Archive for March, 2007

In conjunction with all of the feelings, thoughts, and decisions that have been going through my head, I’ve been wondering if maybe a Quaker meeting is the right place for me after all. I have a hankering to visit one again. I have my apprehensions about Quakerism, too.

At a minimum, a Quaker meeting is a place where you can go and feel the grand divine whatever, without getting a lot of theological nonsense thrown at you. There’s something to that.

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These posts are kind of rapid-fire, I know, but these are things I have been thinking about for a couple of days, and writing about them lets me take a break from writing my final exam appellate brief for my Legal Research and Writing class.

I have been trying to make peace with the idea of not being any religion.  Really, I would prefer to have a religion, all ready-made and off the shelf, with generations of theology to explore, and a sense of purpose and identity all wrapped up into one.  The problem is, I’m too skeptical absent soem kind of mystical impetus.  I just don;t believe that any of these religions out there are really true, or even true enough for me to be willing to commit.

I’m not turning my back on anything (in particular I am not turning my back on Christianity and openly rejecting/denouncing it), but by the same token, I may be at the point where I have to admit that my journay is not taking medown any one fo the well-trod paths.  at least for now.

I believe in the divine, mind you.  I believe there’s something out there, and sometimes I’m blown away by it, by the majesty and the grandeur of the big things and the little things that are actually the biggest things.  I feel it in the way my wife smiles, in the way the wind feels on my skin.  I feel it in sex, in poetry, and in music.   I feel it in the quiet spaces, and in the thunderstorms.  I feel it in churches, and I feel it in nature.  In life, in people, in the universe, and in your eyes.  I don’t know how to explain it better than that.

I am a believer.  For now, that simple declaration may need to be enough.

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In many ways, I am waiting for a mystical experience.  Arrogant as it may be, I want God to tell me what to do, personally.  I’m not picky about the specific means, but I am very picky about how I will know it is the real deal (or at least, real enough for me).

Sometimes I have a dream, and I wake up from it with an overwhelming sensation that is is significant, important, that it really meant something.  This has happened to me on a number of occasions, the most memorable of which led my beautiful wife and me to decide to try to have a baby (we did, by the way, and now he just celebrated his first birthday a few weeks ago).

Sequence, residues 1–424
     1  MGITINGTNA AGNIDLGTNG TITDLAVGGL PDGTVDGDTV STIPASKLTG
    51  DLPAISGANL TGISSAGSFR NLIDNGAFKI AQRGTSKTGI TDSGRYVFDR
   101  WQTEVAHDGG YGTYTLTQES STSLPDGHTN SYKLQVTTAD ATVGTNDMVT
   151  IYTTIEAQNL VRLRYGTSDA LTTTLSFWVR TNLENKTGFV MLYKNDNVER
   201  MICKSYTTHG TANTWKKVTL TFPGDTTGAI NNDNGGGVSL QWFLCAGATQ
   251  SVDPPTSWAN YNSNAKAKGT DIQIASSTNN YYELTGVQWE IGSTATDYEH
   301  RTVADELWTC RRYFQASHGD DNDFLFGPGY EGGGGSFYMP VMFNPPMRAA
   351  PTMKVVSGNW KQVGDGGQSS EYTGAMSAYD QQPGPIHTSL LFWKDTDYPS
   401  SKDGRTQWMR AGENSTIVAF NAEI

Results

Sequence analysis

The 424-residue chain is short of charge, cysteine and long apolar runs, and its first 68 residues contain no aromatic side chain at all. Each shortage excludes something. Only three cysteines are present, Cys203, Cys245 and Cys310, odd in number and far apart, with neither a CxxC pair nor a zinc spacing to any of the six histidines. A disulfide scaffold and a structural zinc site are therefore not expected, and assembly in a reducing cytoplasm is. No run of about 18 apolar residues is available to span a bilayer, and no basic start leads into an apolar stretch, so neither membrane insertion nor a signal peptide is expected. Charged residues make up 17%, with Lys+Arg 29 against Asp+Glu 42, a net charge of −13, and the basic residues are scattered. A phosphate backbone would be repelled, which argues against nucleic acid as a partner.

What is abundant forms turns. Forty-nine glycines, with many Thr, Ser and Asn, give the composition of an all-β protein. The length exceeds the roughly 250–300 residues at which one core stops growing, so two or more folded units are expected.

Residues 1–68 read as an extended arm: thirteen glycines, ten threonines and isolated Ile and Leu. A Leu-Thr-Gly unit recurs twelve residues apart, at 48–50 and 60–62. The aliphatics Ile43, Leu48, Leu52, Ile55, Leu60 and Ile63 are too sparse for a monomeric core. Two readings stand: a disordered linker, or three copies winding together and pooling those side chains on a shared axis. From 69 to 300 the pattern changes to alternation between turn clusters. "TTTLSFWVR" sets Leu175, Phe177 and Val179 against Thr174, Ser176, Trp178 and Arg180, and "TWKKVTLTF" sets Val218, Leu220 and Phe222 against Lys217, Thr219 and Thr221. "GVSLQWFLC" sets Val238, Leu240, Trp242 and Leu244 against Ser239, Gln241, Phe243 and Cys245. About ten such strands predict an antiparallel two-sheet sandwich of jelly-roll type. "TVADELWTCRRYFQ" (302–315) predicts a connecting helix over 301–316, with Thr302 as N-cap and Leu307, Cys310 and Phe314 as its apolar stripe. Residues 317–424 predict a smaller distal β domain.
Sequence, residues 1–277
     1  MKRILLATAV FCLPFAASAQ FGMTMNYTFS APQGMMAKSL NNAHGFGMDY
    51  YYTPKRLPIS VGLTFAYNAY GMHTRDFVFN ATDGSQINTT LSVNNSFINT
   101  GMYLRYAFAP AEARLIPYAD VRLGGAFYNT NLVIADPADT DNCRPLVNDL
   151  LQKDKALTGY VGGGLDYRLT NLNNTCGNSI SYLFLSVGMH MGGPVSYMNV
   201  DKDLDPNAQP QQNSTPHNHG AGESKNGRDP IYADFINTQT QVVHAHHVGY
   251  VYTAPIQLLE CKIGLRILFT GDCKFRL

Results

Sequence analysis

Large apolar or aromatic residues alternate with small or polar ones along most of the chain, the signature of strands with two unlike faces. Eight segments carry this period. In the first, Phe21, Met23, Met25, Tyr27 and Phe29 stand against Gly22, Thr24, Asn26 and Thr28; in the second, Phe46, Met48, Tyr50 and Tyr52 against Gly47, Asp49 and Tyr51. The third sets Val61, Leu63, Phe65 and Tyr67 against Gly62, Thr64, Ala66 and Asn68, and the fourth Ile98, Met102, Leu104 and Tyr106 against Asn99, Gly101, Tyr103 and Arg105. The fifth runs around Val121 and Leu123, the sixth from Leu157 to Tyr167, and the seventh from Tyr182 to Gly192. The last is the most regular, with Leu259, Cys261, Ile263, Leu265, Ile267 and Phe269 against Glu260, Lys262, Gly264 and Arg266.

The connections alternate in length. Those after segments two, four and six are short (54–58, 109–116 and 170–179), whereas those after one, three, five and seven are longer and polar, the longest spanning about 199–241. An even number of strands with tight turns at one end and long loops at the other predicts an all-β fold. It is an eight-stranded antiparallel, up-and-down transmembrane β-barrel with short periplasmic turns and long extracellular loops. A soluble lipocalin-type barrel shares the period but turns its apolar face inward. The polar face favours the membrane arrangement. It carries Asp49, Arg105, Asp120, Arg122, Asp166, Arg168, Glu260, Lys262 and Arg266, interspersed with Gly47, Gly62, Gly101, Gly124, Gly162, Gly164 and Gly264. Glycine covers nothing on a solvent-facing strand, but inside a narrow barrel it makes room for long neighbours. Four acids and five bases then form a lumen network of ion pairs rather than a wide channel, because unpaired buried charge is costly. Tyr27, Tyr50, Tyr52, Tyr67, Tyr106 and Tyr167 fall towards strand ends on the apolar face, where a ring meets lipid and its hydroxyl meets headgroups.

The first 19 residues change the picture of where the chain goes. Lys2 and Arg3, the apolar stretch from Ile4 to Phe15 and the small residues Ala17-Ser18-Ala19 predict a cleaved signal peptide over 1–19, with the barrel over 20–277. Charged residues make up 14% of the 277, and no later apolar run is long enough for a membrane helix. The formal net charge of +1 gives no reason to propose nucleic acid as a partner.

Anyway, the feeling I am talking about is an overwhelming sense of import.  I don’t really know if I can explain it to someone who hasn’t felt it, but it’s the kind of thing that is hard to shake.  It weighs heavily and feels like the kind of thing that could change your life forever.

That’s what I’m waiting for.  I’m waiting for something weighty.  Something that makes my head spin and makes me sit back and just try to deal with the level of significance it carries.  I am open to God talking to me however he/she/it/they choose to talk to me, but I’m not going to just stick the “God said it” label on the next stray idea that wanders into my head, because that’s how bad I want a mystical experience.  I’m waiting for something that feels important- I’ll know it when I feel it because I’ve felt it before.

I’m not saying that this will be somehow unfalsifiable or logically unassailable.  I’m just saying that this is what will make me sit up and take notice.  The kind of experience that I am talking about is what will be enough for me to say “all right; I am committed to this path.”

Until it comes, I’m kind of on my own.

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For almost my whole life, I have thought that claiming to be “spiritual but not religious” was the lamest cop-out ever.  I thought it was spirituality without sacrifice, without commitment, and was thus only illusory.  Spirituality without religion could be no real spirituality at all.

However, in my own spiritual journey I am being increasingly confronted  with the possibility that no religion satisfies me.  No religion seems true.  There’s no religion that I really think I can dive into fully and without reservation, absent some kind of mystical experience to reassure me or propel me onward.

I may be left as just one person trying to be “spiritual but not religious.”

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A Recap

For those of you who are new, this blog is really a blog with a specific purpose.  I’m not trying to convince anyone of anything, and I’m not some kind of spiritual exhibitionist.  I’m trying to figure out life, the universe, and everything, so why am I doing it in blog form?

So there’s a record.  This is a long and complicated process, and it’s easy to explain something to someone that I thought of six weeks ago if I can just show them the blog post.  So this is a journal, on the internet.  Why then, do I make it public?

Because I feel like feedback is important.  I like to hear from people with different points of view, with different things to say.  Even voices that I disagree with  are, in my opinion, voices worth hearing.  Also, I’m holding out for the possibility that someone has something to say that is totally revolutionary and changes my way of thinking forever.